Cuts to the Victorian health budget are having a significant impact on Victorian hospitals.
More than 300 beds have been closed, elective surgeries have been delayed, and jobs are being lost as hospitals attempt to implement a funding cut of $107 million by June this year.
While large-scale redundancies are yet to be announced, many nurses who rely on casual work as their sole income have been impacted as hospitals scramble to save costs by cutting casual staff. The Australian Nursing Federation (ANF) Victorian branch said that “redundancy by stealth” was taking place with many vacant positions being left unfilled, nurses who recently completed a graduate year not being offered ongoing positions, and many recently graduated nurses cannot find a position to start their careers.
Rural communities are feeling the impact of the cuts. Beds have been closed in rural hospitals and as a result people in these areas are being put at risk. The urgent care centre at Colac, which used to operate between 10pm and 7am, has been closed and patients requiring emergency treatment will now have to be travel 75km to the nearest major hospital in Geelong.
The Angliss hospital’s emergency department in Ferntree Gully is under threat of being closed from 9pm to 9am.
The Victorian community and hospital staff are suffering at the hands of a dispute between the federal Labor government and state Liberal government over funding.
Federal health funding to Victoria has been reduced by $475 million over the next four years based on new population data. Meanwhile the federal government is claiming that they have increased the Victorian allocation of federal funding by $900 million over the next four years as part of the Health Reform package.
The ANF has written to the state and federal Auditor Generals asking them to help resolve this dispute. The $107 million funding cut to be implemented by June this year comes in addition to the $616 million the state government has already cut from the health budget over the past two years.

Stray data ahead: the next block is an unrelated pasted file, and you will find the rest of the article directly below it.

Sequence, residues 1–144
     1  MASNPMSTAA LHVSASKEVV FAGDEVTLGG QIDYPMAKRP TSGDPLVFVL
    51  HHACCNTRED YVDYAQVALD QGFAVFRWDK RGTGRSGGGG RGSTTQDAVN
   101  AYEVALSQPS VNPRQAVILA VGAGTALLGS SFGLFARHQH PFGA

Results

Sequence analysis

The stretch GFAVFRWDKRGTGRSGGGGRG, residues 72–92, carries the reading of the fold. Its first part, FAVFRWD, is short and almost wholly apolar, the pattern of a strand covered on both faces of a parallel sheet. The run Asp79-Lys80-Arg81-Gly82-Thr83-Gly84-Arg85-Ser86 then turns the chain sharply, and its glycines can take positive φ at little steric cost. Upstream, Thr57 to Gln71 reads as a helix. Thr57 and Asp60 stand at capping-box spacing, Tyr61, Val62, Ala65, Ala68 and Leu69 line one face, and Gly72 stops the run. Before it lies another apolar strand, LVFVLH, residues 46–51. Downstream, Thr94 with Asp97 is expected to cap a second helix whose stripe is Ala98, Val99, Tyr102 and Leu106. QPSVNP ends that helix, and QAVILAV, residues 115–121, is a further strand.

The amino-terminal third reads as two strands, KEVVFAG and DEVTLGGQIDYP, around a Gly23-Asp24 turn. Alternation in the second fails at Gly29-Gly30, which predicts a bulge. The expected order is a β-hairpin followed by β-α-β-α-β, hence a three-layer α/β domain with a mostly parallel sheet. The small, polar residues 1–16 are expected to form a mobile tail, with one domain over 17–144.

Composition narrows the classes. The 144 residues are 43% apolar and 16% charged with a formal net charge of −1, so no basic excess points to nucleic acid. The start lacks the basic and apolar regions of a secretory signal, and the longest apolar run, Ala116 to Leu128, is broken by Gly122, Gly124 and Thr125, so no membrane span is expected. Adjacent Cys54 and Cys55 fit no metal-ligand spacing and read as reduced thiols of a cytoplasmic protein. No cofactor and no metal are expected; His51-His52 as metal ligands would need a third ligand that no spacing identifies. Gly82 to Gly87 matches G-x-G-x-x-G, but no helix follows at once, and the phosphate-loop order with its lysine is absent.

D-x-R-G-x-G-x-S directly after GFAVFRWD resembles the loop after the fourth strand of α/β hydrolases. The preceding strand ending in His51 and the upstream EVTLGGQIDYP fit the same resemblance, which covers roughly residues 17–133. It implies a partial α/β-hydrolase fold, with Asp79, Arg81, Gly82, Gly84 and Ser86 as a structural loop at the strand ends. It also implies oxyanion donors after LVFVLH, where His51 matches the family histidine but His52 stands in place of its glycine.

Meanwhile, despite the severe budget cuts faced by public hospitals the state government has provided $4 million to private hospitals — under a scheme to enable public patients waiting for elective surgeries to be operated on in private hospitals.
The Peter MacCallum Cancer Centre announced the closure of 16 beds on February 22, which will put significant pressure on the hospital to have earlier discharges, fewer admissions, and treat patients in their own homes.
The ANF are likening this round of funding cuts to the what was experienced under the state Liberal Kennett government in the late 1990s when 3000 nursing and midwifery jobs were lost and 400 beds closed across Victoria.
Today only the sickest patients are admitted and they are discharged as early as possible, as the trend in health care has been to treat patients in their own homes or in the community. Given this shift in health care delivery and the already existing climate of bed shortages where there is a constant push for more beds, any bed closures will be putting a huge amount of pressure on hospitals not to admit acutely unwell patients or to implement earlier discharges. Patients will be left to languish in emergency rooms or their own homes, treatments will be delayed and the sickest people in our communities will suffer.
The ANF is taking action with a community rally planned for 11am on Sunday, February 3 at Treasury Gardens.